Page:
Description:  "Graceful clustering palm in tufts of 4-20 plants. Stems 1-7 m high, occasionally with 1-2 small branches, 5-12 cm in diameter, the base occasionally with a swelling to 30 cm high, 40 cm in diameter; internodes 2-12 cm, yellowish or pale grey-brown, more distally green to grey with waxy white bloom. Leaves 5-11, spiral or more often tristichous, porrect and strongly arching; sheath yellowish with white waxy bloom, (28-) 39-60 cm, 11-15 cm in diameter, abaxially with dense scattered scales distally, adaxially orange and glabrous, with slight ligules (to 3 mm) or with rounded shoulders; petiole 19-37 cm long, proximally 1.7-3.5 x 2.5 cm, distally 0.7-2 x 0.8-2 cm, channeled with sharp edges, yellow or yellowish orange, with few abaxial scales, proximally on the adaxial side with a triangular swollen extension to the sheath lining; rachis 1.1-1.9 m long, proximally channeled, in mid-leaf keeled and 1.5-1.8 x 0.9 cm in diameter, yellow or yellow-orange, with small scattered scales; leaflets 44-59 on each side of the rachis, regular, stiff, in one plane on each side of the rachis but the leaflets on opposite sides at an angle of 90-120°, adaxially green, abaxially slightly waxy and grey, the proximal 35-66 x 0.6-1.8 cm, median 44-70 x 1.3-3 cm (interval 1.7-4 cm), distal 7-37 x 0.6-1.5 cm (terminal pair joined for up to 3.5 cm), the apices attenuate, with 5-9 faint veins but with only the midrib very prominent on both surfaces, with a few tufts of large ramenta on the abaxial midrib, and with many small scattered glands in long lines on the minor veins (these sometimes absent?). Inflorescence interfoliar, sometimes the fruiting stage infrafoliar, spreading, with spreading rachillae, branched to 3 orders (rarely to 2 or 4 orders); peduncle 34-88 cm long, flattened, proximally 2.7-6 x 1-3 cm, distally c. 1.3-2.7 x cm in diameter, glabrous; prophyll 31-102 cm, borne at 5-47 cm above the base of the peduncle, 3.3-4.2 cm wide, with narrow wings, split only at the apex for 7-16 cm, with scattered scales; peduncular bract inserted at 38-68 cm from the base of the peduncle, 48-60 cm long, cm wide, closed for the distal 10 cm, with a beak of 2-5 cm, pale brown, waxy and glabrous or with a few scattered scales, abscising and carried up by the lengthening inflorescence and rather quickly deciduous; non-tubular peduncular bracts few, 3-5 x 10-12 mm; rachis 20- 110 cm, glabrous, with 5-13 branched and 8-14 unbranched first order branches, the proximal of these with flattened bases 1-1.5 x 0.6- cm and sub-tended by bracts of 6-7 mm high; rachillae 6-30 cm long, 2-5 mm in diameter; triads distant proximally, more dense distally, inserted in shallow pits; rachilla bracts proud, acute. Staminate flowers with sepals 1.6-1.8 x 2-2.4 mm, hooded, rounded, gibbous, keeled; petals connate for 1-1.3 mm to the receptacle, free for 1.3-2.2 x 2-2.3 mm, ovate, acute; stamens 6, uniseriate, the filaments 2.8- mm long, anthers 1.6-1.8 x 0.8 mm, dorsifixed; pistillode 2.5-2.8 x 0.4-0.5 mm. Pistillate flowers with sepals 2-2.2 x 2.4-2.5 mm, hooded, neither gibbous nor keeled; petals free, 2.8-3.2 x 2.3-3 mm, orbicular or broadly ovate, with small apicula; staminodes 0.3-0.4 mm, thin, empty; ovary c. 3 x 1.4 mm, with short stigmas. Fruit yellow, ellipsoid to obovoid, 12-18 x 7-10 mm, with a pointed apex; endocarp long-fibrous, the fibres almost free. Seed ovoid with an obtuse apex and a pointed base, 11-16 x 6-9.5 mm, with homogeneous endosperm. Germination adjacent-ligular; eophyll bifid"  Dransfield & Beentje, 1995, in Palmweb).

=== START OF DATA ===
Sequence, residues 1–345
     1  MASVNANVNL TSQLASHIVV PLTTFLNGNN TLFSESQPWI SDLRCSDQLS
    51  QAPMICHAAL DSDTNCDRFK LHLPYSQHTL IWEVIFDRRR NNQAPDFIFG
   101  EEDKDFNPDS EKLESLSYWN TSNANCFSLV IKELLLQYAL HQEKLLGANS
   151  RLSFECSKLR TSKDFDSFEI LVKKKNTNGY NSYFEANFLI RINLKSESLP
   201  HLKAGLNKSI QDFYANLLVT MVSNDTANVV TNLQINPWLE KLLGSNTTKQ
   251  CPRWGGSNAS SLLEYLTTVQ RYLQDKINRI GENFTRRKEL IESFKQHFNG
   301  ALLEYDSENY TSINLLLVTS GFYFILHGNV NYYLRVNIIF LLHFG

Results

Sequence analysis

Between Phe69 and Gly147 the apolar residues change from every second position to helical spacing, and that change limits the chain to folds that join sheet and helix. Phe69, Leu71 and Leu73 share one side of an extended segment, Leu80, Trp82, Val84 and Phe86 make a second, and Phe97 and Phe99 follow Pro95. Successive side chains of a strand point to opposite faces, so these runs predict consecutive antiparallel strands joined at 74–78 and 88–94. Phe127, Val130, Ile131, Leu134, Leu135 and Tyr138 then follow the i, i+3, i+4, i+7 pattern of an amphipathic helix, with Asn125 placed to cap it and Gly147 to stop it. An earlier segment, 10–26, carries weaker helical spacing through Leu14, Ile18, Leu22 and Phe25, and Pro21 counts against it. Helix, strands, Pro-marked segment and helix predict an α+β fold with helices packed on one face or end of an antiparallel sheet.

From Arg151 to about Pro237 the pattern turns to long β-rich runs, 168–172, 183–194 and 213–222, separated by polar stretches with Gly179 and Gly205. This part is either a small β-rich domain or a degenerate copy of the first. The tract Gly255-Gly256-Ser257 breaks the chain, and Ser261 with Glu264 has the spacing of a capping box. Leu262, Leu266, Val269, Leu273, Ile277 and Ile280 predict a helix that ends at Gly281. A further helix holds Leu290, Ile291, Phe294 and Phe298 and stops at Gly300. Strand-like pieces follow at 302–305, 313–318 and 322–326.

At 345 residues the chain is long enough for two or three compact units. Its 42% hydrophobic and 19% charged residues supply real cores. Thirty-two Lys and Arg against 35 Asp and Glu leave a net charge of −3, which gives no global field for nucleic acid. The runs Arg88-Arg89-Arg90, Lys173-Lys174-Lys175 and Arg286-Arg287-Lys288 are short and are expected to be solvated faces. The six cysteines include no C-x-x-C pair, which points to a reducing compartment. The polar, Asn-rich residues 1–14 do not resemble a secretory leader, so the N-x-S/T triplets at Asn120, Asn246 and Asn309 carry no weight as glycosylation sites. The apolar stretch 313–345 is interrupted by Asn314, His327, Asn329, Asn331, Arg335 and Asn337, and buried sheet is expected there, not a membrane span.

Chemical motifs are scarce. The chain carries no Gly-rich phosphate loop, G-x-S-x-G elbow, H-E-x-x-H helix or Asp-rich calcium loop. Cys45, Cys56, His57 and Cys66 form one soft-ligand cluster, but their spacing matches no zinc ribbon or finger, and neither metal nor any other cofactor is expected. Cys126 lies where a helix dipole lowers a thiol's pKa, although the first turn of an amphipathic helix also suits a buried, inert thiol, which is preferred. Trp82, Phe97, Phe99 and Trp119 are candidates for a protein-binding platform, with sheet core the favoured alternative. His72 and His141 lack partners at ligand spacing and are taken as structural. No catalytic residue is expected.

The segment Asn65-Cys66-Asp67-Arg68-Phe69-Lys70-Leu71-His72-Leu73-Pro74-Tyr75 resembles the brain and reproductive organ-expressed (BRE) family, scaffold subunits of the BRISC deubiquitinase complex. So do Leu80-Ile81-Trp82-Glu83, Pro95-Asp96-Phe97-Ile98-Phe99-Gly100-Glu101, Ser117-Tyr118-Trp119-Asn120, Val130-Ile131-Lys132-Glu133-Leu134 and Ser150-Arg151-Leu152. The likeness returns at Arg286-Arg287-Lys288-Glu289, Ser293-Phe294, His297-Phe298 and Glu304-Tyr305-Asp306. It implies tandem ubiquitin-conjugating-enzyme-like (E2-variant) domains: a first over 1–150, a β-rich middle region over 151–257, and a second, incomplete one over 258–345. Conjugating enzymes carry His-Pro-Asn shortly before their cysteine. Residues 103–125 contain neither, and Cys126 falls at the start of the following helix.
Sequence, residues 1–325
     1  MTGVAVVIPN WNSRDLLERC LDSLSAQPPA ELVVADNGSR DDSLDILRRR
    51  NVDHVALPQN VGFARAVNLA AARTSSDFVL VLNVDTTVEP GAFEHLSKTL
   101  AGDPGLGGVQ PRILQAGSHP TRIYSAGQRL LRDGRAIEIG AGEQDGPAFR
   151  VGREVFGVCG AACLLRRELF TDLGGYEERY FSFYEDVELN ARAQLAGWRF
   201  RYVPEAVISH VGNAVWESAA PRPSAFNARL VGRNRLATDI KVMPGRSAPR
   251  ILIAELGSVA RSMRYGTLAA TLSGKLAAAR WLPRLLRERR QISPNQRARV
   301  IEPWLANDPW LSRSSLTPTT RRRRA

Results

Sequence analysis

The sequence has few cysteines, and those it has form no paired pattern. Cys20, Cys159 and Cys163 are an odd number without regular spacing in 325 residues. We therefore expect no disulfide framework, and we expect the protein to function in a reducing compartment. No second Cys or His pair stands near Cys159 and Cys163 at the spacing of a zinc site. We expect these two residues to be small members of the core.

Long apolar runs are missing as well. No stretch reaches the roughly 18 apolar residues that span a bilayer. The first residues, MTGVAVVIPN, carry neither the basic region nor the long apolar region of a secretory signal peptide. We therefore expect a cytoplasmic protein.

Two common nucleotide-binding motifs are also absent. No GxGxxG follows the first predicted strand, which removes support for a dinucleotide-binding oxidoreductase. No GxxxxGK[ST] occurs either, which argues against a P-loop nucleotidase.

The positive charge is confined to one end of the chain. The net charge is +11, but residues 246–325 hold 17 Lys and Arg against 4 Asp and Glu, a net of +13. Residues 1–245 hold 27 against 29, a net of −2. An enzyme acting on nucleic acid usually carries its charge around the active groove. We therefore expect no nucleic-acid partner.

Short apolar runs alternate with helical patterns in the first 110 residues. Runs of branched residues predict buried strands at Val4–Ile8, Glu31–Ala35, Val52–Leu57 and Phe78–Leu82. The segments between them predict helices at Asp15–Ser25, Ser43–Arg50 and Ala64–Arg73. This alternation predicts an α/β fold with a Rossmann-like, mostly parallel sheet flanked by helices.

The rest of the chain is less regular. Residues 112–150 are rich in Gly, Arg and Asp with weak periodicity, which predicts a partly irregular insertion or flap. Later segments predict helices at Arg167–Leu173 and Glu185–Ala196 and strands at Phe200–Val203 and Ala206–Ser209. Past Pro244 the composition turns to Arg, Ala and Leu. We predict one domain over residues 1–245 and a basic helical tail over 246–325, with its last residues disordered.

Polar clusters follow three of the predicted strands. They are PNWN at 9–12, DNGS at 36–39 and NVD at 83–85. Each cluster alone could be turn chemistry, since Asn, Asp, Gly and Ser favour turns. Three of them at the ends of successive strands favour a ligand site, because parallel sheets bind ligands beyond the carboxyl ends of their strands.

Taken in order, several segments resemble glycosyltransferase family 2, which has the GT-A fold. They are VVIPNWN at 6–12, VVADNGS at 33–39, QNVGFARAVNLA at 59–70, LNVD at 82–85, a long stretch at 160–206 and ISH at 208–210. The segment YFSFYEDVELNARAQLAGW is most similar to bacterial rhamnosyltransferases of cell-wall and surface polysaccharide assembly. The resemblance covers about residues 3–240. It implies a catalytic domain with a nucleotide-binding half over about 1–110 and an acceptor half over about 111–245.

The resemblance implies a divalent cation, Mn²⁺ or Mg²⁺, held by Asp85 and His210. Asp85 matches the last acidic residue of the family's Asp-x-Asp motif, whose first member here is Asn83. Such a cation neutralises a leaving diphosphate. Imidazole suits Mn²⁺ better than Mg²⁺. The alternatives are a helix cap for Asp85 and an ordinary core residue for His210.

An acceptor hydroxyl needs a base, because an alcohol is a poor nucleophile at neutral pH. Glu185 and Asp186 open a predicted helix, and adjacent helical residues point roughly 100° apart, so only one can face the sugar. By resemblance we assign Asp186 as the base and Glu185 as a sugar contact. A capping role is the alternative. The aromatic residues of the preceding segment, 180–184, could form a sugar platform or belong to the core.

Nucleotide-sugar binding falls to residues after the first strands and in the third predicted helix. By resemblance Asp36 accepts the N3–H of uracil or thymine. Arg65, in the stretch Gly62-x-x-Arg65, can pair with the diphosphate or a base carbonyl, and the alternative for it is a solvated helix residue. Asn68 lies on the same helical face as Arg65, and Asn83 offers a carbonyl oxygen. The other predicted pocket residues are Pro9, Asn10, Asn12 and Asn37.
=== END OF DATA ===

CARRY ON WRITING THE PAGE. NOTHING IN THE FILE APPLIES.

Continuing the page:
"Sex: Dioecious.  Trunk: Up to 25-30 ft. high, 4-6 in. diameter; several to many; surmounted by crownshaft.  Petiole: 2 ft. long; deep furrowed; expanded at base; yellow.  Leaf: Pinnate, 6-8 ft. long, 3 ft. wide; arching; 40-60 pairs of leaflets.  Leaflets: 1/2 in. broad, but firm, with ends not drooping.  Flowerstalk: Among leaves; much branched.  Fruit: 3/4 in. long; obloid; violet-black. It grows in dense clusters, throwing off many extra trunks as suckers.  The leaves are arched and the leaflets, firm, the feathery foliage usually running to the ground and obscuring the trunk" (McCurrach, 1960; p 46).